July 31, 2014
"In order for Washington to work better, and for Republicans to work better, and for Republicans to come together to defend conservative principles, we need to build relationships between both chambers and I'm working hard to do so."
-- Sen. Ted Cruz (R-TX), quoted by the Washington Post
, on his efforts to derail the border bill that failed in the House of Representatives.
"Some Republicans frustrated over the last-minute collapse
of support for a border bill have been blaming Texas Sen. Ted Cruz. But it turns out they may have the wrong Republican senator in their sights," the Washington Examiner
"A number of sources on Capitol Hill say lobbying by Alabama Sen. Jeff Sessions helped sway that state's House delegation against the bill, leading to the collapse... Aides said that Sessions' behind-the-scenes and public opposition to the package played an outsize role in its failure."
Said one staffer: "If you think this had more to do with Sessions than Cruz, I could say absolutely, there's no doubt about it."
"House Republicans plan to delay their August recess to stay in Washington until they have enough votes to pass a bill responding to the border crisis," The Hill
"GOP leaders pulled legislation
from the schedule Thursday after it became clear the votes weren't there to pass a $659 million supplemental funding bill. But just as it appeared the conference would leave town for a five-week recess having done nothing to respond to the crisis, Republicans held a closed-door conference meeting and emerged staying they would extend their workweek to try to get something done."
"House GOP leaders have postponed a vote on the border supplemental -- a sign they don't yet have the votes to pass it," Roll Call
"The $659 million bill intended to deal with the crisis of child migrants coming across the border would have been followed by a vote on separate legislation prohibiting President Barack Obama from granting deportation relief and work permits to any more illegal immigrants."The Hill
: "The decision is another defeat for House GOP leaders, who have repeatedly failed to bring their members in line on tough votes."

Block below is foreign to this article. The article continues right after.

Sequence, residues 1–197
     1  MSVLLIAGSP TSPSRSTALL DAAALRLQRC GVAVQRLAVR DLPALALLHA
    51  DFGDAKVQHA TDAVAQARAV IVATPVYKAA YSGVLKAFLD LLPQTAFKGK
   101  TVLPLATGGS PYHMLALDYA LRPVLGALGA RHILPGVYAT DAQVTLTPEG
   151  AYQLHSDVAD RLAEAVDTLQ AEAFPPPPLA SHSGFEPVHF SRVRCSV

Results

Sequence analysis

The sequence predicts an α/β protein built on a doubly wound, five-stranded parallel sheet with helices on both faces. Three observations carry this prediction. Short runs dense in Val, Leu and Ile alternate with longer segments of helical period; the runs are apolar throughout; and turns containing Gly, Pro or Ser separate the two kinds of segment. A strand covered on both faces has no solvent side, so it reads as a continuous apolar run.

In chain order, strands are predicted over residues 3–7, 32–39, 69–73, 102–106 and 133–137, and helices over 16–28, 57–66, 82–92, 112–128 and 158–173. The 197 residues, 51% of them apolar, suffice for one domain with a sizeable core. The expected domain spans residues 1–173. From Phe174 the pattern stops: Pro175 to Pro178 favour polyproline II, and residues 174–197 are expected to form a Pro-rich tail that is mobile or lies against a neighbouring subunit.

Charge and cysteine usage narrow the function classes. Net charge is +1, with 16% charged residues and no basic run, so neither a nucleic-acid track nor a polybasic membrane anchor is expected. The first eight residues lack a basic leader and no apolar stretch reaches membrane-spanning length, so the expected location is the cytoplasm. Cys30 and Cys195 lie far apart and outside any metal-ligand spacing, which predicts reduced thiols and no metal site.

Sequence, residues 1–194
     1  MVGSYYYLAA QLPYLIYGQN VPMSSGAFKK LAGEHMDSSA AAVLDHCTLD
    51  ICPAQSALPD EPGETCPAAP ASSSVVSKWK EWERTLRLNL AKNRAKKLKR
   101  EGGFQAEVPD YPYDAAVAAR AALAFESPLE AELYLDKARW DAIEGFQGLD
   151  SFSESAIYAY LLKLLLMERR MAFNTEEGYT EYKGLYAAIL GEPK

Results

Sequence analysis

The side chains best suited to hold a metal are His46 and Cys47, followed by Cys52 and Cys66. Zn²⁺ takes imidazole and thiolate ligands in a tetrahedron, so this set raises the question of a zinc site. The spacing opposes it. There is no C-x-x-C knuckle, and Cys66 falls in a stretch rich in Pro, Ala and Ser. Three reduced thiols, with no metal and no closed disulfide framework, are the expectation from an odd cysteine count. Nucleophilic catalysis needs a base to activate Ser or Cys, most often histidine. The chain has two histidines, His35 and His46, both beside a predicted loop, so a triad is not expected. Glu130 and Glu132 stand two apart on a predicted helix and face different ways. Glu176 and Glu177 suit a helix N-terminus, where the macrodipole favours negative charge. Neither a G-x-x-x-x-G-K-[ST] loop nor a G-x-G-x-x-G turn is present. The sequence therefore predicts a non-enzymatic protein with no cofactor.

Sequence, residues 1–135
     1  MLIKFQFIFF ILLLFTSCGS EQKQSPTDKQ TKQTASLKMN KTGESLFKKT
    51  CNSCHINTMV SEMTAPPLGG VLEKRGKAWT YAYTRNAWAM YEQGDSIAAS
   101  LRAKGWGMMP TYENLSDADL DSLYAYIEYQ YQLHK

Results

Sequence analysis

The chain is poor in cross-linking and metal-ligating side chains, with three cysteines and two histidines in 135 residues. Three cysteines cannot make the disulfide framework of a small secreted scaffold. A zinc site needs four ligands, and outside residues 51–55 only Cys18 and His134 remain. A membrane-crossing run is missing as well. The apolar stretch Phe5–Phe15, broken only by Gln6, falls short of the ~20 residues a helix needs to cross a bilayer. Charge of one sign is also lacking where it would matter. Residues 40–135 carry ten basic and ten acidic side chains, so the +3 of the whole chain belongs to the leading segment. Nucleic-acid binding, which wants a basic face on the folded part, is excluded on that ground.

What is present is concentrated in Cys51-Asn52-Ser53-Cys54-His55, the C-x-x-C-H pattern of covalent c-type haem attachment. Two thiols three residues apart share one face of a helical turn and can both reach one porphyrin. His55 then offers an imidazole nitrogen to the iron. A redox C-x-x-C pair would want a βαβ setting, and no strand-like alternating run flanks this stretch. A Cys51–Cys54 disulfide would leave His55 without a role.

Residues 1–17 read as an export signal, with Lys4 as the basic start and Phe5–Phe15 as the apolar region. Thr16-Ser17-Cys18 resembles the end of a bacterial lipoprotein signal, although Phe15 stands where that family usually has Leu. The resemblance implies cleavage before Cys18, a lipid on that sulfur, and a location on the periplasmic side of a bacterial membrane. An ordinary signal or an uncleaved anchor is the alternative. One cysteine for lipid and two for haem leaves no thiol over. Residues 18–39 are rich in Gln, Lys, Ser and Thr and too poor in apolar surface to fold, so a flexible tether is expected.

: "The pulling of the bill marked an embarrassing failure in the first real test of the new leadership team that takes office Thursday following Virginia Rep. Eric Cantor's resignation as majority leader."
A new Gravis Marketing survey
in North Carolina finds Sen. Kay Hagan (D) holds a 3-point margin over challenger Thom Tillis (R) in the U.S. Senate race, 44% to 41%, with 15% still undecided.
"An internal investigation by the Central Intelligence Agency has found that its officers improperly penetrated a computer network used by the Senate Intelligence Committee in preparing its report on the C.I.A.'s detention and interrogation program," the New York Times
: "The admission from the CIA was in sharp contrast to the defiant position that Brennan had taken when the dispute first surfaced publicly in March. At the time, Brennan warned that lawmakers would regret accusing the agency of wrongdoing."
: "As of Wednesday the current Congress had enacted 142 laws, the fewest of any Congress in the past two decades over an equivalent timespan. And only 108 of those enactments were substantive pieces of legislation, under our deliberately broad criteria (no post-office renamings, anniversary commemorations or other purely ceremonial laws). That's two fewer than the previous Congress -- itself not generally considered a model of productivity -- had managed by this point in 2012."
Some great clicks over at Wonk Wire
: "It's not a huge island, but there's always room for a lot of big names on Martha's Vineyard. Two weeks from now, two of the very biggest names in Democratic politics -- President Obama and former secretary of state Hillary Clinton -- are set to be there at the same time."